for every day, he wears pants and t shirts. No need to be a princess everyday...at least not until he's 18...if he so chooses

Jenny - posted on 01/05/2011

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My son wears dresses all the time but he's 2. He loves accessories and to play Princess. I let him be who he wants to be.

Beverly - posted on 01/05/2011

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Of course. It is such a myth that that will make him gay. I think finally, intelligent people are finding that out. Does wearing pants make girls to turn into boys? I mean really. It's called unconditional love!! We need more of that today!

Isobel - posted on 01/05/2011

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I hate to say it...but while I'd let him dress anyway he wanted at home, I would not allow him to be subject to the ridicule that would follow him wearing a dress in public. period.

Sharon - posted on 01/05/2011

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No. If my son asked me if he could wear a dress, I'd say no.

He's a boy. Not a girl. If he kept asking, insisted. Then I'd look things over and possibly relent.

If he wants pretty frilly things, fine. But he is not going to wear a dress.

Sarah - posted on 01/05/2011

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Umm...I have to be honest here & say that I don't think I'd let my son wear a "princess dress" out in public. My son is only 15 months old, so he obviously doesn't understand the difference between boy & girl stereotypes yet. I didn't care one bit that he was running around a friend's house the other day with a princess wand in his hand. As long as he didn't stab his eye out with it, I didn't have a problem. :) But, a dress in public? I'll have to say no on that one.

Joanna - posted on 01/05/2011

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I would. My husband... That might be another story. But he doesn't even like girly things for our daughters.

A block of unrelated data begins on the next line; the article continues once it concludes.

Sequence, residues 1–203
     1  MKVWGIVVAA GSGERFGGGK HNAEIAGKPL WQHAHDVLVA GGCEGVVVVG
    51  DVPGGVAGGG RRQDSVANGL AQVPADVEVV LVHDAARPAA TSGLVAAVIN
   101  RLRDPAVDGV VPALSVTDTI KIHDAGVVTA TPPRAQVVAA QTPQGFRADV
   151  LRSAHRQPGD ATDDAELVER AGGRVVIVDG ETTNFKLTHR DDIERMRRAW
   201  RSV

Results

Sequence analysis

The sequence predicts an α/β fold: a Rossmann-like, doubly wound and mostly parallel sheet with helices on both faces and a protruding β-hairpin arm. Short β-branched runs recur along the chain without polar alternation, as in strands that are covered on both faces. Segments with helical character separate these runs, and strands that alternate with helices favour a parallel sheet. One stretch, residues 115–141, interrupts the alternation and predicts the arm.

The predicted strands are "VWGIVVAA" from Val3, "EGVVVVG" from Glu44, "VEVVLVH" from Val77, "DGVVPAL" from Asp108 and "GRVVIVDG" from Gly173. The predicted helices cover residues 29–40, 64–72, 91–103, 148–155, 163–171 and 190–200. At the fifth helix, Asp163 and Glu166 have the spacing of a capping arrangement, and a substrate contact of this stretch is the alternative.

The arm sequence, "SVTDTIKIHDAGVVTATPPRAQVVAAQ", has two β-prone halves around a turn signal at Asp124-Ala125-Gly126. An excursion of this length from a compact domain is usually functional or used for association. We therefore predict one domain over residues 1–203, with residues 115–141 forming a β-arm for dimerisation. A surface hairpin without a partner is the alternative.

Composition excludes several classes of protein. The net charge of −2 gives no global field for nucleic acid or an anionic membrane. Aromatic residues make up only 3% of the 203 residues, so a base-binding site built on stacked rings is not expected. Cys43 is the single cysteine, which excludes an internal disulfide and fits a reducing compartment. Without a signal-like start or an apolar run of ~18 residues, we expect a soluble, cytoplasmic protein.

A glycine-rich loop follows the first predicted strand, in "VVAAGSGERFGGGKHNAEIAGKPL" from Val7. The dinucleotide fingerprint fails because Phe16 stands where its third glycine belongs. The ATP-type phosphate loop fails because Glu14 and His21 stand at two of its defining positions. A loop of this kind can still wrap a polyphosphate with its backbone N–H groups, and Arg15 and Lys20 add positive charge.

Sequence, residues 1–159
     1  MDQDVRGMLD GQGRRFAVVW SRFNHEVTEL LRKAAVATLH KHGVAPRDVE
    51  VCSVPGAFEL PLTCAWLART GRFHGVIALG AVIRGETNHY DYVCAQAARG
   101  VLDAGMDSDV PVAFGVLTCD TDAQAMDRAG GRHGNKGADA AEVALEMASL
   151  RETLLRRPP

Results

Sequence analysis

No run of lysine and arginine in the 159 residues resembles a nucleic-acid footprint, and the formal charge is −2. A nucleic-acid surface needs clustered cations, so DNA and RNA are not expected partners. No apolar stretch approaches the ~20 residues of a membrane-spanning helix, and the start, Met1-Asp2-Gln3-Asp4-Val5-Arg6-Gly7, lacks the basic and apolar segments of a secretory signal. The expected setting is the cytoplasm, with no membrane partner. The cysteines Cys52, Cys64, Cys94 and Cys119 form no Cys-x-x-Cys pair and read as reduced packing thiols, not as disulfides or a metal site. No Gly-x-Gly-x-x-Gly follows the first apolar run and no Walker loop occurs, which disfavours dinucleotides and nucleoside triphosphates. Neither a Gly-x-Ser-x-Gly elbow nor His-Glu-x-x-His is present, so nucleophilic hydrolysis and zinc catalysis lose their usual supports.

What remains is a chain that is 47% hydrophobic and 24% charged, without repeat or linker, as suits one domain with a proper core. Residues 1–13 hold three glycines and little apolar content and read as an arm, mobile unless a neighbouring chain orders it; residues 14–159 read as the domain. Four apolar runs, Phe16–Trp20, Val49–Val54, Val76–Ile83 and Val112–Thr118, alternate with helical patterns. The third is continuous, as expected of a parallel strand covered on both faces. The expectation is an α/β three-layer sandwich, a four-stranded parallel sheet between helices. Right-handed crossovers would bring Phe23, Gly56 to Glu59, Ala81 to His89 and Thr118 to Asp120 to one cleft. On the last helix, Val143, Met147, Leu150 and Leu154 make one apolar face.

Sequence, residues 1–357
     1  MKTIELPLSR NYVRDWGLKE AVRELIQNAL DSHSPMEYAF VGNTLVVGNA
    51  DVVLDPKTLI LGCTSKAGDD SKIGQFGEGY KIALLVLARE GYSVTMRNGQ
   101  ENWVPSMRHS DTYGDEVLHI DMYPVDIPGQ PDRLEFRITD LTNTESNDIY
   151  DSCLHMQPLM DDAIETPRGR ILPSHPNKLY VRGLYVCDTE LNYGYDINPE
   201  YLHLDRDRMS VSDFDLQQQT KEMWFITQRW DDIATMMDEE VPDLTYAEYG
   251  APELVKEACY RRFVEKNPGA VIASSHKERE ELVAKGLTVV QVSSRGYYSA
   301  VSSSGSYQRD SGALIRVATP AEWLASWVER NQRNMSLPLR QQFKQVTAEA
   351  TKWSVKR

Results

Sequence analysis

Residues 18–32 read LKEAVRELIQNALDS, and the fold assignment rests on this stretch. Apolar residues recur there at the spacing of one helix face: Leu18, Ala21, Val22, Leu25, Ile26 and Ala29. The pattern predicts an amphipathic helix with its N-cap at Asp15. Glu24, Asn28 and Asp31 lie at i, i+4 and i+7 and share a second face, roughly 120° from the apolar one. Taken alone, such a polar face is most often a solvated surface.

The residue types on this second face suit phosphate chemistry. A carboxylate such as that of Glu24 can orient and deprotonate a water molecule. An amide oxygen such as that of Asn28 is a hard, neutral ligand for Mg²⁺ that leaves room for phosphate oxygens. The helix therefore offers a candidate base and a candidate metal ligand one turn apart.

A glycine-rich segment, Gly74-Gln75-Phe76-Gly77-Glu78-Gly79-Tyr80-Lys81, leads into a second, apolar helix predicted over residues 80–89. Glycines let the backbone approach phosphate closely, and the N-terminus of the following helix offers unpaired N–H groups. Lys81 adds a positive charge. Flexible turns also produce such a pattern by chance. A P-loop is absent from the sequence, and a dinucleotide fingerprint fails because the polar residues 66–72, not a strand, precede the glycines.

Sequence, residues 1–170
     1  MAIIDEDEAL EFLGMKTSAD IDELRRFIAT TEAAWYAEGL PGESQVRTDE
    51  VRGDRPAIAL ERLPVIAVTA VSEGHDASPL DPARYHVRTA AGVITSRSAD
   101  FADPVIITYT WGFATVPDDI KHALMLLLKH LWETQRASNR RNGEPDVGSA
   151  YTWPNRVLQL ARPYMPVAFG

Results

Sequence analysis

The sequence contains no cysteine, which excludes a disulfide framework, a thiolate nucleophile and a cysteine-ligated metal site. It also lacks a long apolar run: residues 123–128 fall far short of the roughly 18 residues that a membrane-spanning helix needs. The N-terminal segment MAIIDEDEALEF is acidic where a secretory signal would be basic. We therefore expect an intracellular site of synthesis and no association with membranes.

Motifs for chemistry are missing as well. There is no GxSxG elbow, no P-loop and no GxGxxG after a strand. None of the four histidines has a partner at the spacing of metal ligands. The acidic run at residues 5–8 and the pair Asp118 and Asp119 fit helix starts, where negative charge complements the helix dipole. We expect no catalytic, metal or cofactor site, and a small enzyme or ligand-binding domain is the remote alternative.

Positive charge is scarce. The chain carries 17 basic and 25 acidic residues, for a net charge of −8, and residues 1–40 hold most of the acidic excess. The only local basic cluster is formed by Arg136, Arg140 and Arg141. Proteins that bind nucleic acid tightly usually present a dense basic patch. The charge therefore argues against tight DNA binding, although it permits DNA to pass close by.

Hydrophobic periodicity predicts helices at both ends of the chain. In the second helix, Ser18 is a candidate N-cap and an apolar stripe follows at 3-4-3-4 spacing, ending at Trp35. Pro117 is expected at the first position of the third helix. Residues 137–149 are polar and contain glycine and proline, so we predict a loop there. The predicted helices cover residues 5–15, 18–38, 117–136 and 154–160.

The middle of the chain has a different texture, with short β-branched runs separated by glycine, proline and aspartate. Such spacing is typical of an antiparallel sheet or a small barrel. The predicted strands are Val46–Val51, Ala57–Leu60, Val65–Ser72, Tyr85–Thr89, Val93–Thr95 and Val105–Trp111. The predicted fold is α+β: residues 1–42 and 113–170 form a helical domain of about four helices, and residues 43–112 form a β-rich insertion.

Bonnie - posted on 01/05/2011

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If my boys wanted to try one on for the fun of it at home, I don't see why not, but not outside of the house. They have not said anything yet.

Katherine - posted on 01/05/2011

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I have to be honest here and say I REALLY don't know. I mean I guess I would...I wouldn't want to say no. It would kind of creep me out though.

Mrs. - posted on 01/05/2011

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I'm going to tell you why you want to let your son wear a dress if he so desires, in public. It's simple, if you demonize it, if you so no, he is more likely to want to do it for a lot longer perhaps into adulthood. Not that there is anything wrong with that, but it could just be a phase.

For instance, my brother went through about half a year when he was 5ish where he wore my tube dresses. Now my brother was a pretty little boy and mostly, people thought he was a girl. We even have pictures of him in his tube dress on a camping trip. My parents didn't make it a thing because they knew it would fuck him up. After 6 months, one day he just decided he didn't want to anymore and decided he wanted to be a Transformer or something. Now my brother is gay but he is way more butch and so untwink it isn't funny.

Nicole - posted on 01/05/2011

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my son has a dress up box full of boy and girl costumes and during dress up time, he can wear whatever he feels like wearing...wearin a chefs hat won't make him a chef, wearing a dress won't make him a girl